Page 44 - IACC Newsletter August-September 2013 Issue 13

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Healthcare, along with data analytics, is the fastest growing business line for the company, which reported annual
revenues of $443 million in 2012. Till 2007, EXL took a conservative approach to acquisitions, staying away from making
expensive ones. But as valuations came off their peaks, the company has made one acquisition almost every year after
2007. The largest acquisition till date was that of Outsource Partners International in 2011 for about $90 million.
"Given healthcare is a highly regulated industry, companies have been cautious with offshoring. What's been offshored
so far is mostly claims management. But, there are a number of areas where significant offshoring is possible," Shyan
Mukerjee, practice director at Everest Group. "Indian companies are therefore looking to build local capabilities in the
US."
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Apple to enter smaller Indian towns with iPhones, iPads
Apple wants to enter smaller Indian cities and towns with iPhones, iPads and iPods as it feels these markets can deliver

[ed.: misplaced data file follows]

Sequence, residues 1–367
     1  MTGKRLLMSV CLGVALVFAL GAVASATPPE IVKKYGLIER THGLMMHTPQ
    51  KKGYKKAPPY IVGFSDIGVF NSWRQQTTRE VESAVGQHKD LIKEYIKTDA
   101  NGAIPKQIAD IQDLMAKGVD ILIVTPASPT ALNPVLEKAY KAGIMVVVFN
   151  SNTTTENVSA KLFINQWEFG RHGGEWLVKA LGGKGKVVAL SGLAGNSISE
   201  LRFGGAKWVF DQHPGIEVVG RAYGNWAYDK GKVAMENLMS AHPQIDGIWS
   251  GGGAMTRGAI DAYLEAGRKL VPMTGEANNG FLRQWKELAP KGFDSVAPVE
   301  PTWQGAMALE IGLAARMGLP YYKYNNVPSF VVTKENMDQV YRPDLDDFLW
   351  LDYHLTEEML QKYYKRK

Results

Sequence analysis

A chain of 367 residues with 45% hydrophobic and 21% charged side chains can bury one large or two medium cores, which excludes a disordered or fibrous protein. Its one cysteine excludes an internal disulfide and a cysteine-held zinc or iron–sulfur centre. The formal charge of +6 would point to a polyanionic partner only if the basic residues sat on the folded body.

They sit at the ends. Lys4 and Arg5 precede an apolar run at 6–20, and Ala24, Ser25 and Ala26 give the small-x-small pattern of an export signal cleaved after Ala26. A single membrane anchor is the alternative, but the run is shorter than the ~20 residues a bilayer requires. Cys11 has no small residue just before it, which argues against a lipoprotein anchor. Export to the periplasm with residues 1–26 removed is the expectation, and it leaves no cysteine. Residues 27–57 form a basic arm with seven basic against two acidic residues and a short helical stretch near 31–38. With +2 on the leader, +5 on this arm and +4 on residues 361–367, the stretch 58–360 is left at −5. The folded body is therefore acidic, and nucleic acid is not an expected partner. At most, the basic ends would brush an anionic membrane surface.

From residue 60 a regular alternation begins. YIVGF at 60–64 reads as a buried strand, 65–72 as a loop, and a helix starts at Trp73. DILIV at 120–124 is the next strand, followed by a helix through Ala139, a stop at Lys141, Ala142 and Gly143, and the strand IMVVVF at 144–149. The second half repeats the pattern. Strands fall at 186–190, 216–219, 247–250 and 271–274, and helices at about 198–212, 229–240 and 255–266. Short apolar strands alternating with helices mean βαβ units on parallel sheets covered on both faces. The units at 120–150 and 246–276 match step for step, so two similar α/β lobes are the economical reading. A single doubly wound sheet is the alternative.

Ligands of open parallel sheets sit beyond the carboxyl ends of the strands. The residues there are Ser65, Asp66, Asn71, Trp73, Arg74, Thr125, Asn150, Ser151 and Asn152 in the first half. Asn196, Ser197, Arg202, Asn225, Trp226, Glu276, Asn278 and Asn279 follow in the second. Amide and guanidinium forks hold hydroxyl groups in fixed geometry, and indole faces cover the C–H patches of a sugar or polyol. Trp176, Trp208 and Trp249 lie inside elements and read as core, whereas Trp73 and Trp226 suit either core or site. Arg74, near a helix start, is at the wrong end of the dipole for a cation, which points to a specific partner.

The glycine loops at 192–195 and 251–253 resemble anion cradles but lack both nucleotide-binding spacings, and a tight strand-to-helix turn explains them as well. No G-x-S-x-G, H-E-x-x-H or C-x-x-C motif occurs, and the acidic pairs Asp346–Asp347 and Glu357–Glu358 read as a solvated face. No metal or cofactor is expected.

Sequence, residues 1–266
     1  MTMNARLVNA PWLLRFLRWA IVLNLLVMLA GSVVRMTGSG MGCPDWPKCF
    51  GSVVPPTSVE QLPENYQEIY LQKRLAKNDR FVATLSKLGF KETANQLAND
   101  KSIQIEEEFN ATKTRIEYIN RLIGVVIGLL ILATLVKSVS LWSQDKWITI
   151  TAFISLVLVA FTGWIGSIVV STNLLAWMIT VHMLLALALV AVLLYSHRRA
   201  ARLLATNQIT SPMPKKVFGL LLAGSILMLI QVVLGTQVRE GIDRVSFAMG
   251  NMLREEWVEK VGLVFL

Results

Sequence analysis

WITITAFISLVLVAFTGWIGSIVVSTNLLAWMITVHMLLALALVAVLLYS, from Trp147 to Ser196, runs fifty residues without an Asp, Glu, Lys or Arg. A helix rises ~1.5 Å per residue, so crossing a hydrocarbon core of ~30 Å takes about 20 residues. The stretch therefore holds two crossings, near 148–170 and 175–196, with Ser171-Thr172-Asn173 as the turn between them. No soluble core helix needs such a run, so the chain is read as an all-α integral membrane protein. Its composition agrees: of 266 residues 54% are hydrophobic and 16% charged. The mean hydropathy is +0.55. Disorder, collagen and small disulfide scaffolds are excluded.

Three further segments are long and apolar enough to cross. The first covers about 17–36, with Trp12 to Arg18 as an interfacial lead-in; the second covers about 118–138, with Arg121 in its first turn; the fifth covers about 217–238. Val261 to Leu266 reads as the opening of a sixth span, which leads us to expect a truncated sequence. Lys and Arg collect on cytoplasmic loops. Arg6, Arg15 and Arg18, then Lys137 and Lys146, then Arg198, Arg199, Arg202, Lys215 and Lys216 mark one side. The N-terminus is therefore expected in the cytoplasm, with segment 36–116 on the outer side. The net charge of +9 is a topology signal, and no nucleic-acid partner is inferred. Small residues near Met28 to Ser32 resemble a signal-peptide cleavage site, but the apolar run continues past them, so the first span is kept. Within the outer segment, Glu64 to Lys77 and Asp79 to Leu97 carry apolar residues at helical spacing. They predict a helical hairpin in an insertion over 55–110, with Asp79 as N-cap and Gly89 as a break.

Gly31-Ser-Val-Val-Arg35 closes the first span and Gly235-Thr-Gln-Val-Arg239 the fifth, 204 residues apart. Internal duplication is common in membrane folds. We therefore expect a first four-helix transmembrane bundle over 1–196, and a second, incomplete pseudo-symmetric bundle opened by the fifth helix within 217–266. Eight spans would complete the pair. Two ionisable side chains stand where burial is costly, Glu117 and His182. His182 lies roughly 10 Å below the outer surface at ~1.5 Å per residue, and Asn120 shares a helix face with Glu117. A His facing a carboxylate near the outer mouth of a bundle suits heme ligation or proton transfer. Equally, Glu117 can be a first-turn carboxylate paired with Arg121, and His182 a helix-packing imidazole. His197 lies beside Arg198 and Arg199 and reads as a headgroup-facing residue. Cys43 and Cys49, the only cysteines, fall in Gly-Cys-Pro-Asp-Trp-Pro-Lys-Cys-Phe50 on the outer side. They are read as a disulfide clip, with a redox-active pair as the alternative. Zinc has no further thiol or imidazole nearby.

on its bid to grow fast. Apple may soon be slugging it out in the trenches with Samsung and other smartphone rivals as
India country head Maneesh Dhir and telecom business chief Sanjay Kaul seek a rapid increase in the pace of growth in
India, a market that it has neglected until recently.
While the iPhone has always been an object of desire, Apple wasn't able to make a big dent in India because of pricing
issues peculiar to this country - handsets aren't subsidised by contracts as in other parts of the world. Until recently, this
was taken to mean that Apple wasn't really interested in pushing sales in the world's largest mobile market after China,
while companies such as Samsung have pitched their products hard in India.
Samsung leads the India smartphone market with a 36% volume share, according to research firm Canalys, while Apple's
was 2% in the April-June quarter. Apple's value share is higher at 5%, it said. To their credit though, Dhir and Kaul have
tried to work around their constraints by offering iPhones and other devices on installment, tapping a considerable vein
of pent-up demand.